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MLY Dissertation Final 8-21-15 To Send.pdf (7.75 MB)

The style of Quaker consumption in British Colonial New Jersey: the link between religious beliefs and values and the archaeological record of the society of friends

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posted on 2015-09-21, 12:45 authored by Michael Lawrence Young
This research focuses on the role of beliefs and values at domestic Quaker sites in British Colonial North America and their transformations through time. Evidence is drawn from building techniques, ceramic and glass tablewares, foodways as manifest through storage/preparation vessels and faunal remains, alcohol and tobacco-related objects, and materials related to dress and personal adornment. The aim of this research is to make substantial contributions to the study of Quakers, to the study of the influence of beliefs and values in colonial situations and past cultural traditions in general, and to the study of the rise and spread of eighteenth-century consumerism associated with the Industrial Revolution. Beliefs and values possess material manifestations. To link the material archaeological evidence to cultural ideals, this proposed research focuses on behavior which may be documented in the archaeological record. The full potential of the archaeological contribution to issues surrounding the varying degree of adherence to Quaker beliefs and values may be realized through consideration of all available types of material culture. An analytical focus on the style of consumption and technology is considered essential for the study of tenets, beliefs, and values in the archaeological record. The revival of archaeological theories of style is advocated as the primary means archaeologists have available to study the manifestation of beliefs, values, and the underlying ethos through variation in material culture. The revival of an archaeological focus on style enables a more full realization of the goals of social archaeology and the consideration of the significance of a research project at the higher scales of relevance: the scale of issues of importance in history and the social sciences in general, and the scale of the contribution research may render towards developing solutions to contemporary social problems.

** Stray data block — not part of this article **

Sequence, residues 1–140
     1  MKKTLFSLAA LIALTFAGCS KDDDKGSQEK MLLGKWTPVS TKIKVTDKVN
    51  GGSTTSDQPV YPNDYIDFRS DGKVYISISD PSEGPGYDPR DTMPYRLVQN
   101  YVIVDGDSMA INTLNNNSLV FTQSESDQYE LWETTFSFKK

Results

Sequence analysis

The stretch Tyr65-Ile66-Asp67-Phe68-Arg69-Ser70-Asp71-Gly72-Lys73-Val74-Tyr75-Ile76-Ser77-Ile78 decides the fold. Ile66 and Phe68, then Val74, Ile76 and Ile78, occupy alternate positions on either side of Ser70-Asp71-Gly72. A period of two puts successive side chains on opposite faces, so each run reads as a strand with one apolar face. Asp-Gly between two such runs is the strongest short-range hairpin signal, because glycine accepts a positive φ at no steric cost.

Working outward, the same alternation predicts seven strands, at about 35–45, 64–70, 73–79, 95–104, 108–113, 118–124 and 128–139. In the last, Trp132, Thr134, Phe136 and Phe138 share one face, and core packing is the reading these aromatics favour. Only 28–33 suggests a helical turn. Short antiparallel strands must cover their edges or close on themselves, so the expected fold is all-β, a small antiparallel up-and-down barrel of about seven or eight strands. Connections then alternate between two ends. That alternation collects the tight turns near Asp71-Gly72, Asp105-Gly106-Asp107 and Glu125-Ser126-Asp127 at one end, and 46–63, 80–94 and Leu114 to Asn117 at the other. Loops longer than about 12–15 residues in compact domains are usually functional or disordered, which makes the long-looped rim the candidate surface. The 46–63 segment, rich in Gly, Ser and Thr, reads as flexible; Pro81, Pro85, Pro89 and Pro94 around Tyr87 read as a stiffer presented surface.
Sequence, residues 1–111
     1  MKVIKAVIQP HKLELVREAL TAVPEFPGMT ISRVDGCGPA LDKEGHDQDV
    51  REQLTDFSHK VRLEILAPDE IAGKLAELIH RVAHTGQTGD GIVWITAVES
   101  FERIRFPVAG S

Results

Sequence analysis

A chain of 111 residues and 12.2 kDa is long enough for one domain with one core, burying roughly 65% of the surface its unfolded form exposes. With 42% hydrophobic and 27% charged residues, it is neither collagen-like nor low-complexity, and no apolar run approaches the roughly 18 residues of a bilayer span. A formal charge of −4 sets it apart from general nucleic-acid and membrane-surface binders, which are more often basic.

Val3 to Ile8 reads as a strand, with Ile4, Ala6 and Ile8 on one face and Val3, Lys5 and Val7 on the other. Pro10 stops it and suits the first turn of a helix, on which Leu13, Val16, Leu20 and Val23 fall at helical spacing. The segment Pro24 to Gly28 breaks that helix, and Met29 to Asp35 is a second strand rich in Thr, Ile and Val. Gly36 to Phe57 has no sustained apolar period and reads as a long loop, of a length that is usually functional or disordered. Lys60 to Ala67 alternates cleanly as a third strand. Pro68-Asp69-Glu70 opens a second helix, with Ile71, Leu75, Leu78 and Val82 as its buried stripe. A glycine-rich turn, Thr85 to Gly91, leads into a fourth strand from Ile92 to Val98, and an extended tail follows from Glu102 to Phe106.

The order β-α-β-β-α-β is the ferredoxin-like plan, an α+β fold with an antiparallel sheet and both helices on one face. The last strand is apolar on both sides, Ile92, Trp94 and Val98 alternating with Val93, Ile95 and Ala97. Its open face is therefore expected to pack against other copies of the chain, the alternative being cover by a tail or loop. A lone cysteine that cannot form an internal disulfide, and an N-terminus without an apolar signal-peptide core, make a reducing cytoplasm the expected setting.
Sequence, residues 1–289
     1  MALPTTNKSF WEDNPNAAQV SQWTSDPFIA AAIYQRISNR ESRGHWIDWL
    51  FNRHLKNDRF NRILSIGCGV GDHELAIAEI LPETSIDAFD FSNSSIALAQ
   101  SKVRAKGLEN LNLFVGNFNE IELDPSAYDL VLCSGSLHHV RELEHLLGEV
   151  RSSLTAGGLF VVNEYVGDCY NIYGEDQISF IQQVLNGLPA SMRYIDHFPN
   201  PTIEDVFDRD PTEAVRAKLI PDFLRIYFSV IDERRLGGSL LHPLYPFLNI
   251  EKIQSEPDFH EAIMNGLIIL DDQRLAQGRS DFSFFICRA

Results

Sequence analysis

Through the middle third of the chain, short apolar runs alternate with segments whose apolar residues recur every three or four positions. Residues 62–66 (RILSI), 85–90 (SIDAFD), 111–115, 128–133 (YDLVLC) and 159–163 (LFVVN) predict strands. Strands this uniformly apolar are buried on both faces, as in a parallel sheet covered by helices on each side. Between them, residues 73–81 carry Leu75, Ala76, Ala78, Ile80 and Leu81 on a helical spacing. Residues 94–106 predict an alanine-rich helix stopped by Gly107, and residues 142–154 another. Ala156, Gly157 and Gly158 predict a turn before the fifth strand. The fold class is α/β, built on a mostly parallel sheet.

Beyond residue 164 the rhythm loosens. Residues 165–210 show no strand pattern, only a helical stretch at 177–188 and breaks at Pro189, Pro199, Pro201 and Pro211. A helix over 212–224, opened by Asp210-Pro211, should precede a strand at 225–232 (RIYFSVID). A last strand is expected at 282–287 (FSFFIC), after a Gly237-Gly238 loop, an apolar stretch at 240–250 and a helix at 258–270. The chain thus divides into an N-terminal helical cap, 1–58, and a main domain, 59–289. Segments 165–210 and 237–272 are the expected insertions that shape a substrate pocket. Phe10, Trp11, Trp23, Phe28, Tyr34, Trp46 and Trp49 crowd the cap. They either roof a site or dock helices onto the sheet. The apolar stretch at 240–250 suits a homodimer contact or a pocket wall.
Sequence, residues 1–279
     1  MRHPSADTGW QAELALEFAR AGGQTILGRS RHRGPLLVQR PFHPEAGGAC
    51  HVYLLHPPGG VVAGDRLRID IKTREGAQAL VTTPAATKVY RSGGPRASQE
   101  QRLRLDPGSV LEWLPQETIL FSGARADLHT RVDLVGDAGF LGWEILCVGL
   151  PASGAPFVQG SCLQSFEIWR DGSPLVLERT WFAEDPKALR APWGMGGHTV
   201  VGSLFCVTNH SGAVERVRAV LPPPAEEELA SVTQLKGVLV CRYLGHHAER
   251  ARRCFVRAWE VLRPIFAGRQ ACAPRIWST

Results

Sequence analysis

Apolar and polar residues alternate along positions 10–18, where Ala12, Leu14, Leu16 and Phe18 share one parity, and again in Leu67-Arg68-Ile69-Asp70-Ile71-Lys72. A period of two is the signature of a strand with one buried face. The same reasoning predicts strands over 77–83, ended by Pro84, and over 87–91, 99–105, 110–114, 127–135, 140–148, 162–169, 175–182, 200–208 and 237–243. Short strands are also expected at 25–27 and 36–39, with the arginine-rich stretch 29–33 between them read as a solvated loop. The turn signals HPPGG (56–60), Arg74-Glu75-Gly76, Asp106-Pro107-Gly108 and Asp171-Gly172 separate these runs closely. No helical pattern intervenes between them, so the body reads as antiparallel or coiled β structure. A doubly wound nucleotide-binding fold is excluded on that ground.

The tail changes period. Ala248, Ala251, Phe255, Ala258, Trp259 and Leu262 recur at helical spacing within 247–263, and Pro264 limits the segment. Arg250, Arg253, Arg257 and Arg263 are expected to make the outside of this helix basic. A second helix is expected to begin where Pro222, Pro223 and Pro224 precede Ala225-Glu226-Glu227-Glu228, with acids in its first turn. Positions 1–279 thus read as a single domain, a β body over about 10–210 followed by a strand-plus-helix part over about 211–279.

History

Supervisor(s)

Tarlow, Sarah; Harris, Oliver

Date of award

2015-08-21

Author affiliation

School of Archaeology and Ancient History

Awarding institution

University of Leicester

Qualification level

  • Doctoral

Qualification name

  • PhD

Language

en

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